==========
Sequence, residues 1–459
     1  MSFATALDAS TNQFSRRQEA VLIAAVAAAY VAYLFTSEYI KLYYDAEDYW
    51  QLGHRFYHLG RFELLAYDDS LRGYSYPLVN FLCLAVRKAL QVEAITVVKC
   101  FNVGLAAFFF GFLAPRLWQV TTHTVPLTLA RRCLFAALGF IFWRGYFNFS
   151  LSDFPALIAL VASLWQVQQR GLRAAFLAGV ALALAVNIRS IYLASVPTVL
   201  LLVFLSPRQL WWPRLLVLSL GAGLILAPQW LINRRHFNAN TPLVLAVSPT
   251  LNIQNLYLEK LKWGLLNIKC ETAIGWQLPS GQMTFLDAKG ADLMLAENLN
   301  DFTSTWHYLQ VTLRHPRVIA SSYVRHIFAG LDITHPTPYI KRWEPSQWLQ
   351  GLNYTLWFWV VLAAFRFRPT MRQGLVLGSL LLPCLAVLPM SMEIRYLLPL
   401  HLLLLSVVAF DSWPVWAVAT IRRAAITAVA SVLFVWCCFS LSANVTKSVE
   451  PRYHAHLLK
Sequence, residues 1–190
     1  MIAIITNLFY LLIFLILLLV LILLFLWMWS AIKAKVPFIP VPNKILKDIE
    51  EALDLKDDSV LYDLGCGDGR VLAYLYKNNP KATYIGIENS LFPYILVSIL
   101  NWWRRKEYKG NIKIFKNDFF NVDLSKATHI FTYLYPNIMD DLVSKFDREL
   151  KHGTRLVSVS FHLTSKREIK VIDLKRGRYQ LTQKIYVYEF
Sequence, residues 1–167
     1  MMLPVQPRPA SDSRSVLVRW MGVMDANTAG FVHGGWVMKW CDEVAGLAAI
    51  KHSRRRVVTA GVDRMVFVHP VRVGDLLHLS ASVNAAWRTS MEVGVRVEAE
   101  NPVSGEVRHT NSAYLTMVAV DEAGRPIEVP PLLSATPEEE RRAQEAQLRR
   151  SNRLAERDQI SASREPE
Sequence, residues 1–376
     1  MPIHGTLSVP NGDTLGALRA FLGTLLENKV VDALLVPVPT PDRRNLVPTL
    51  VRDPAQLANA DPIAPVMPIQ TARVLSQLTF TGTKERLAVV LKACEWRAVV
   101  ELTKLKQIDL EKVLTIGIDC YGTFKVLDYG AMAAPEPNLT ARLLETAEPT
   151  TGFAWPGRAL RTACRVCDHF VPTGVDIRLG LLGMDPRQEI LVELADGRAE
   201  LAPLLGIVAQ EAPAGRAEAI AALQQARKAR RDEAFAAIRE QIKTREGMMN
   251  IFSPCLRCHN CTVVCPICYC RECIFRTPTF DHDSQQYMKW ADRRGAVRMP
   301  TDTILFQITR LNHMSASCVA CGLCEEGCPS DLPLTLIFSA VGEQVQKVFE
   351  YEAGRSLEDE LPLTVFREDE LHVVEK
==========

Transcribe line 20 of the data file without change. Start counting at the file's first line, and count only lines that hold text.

   101  NPVSGEVRHT NSAYLTMVAV DEAGRPIEVP PLLSATPEEE RRAQEAQLRR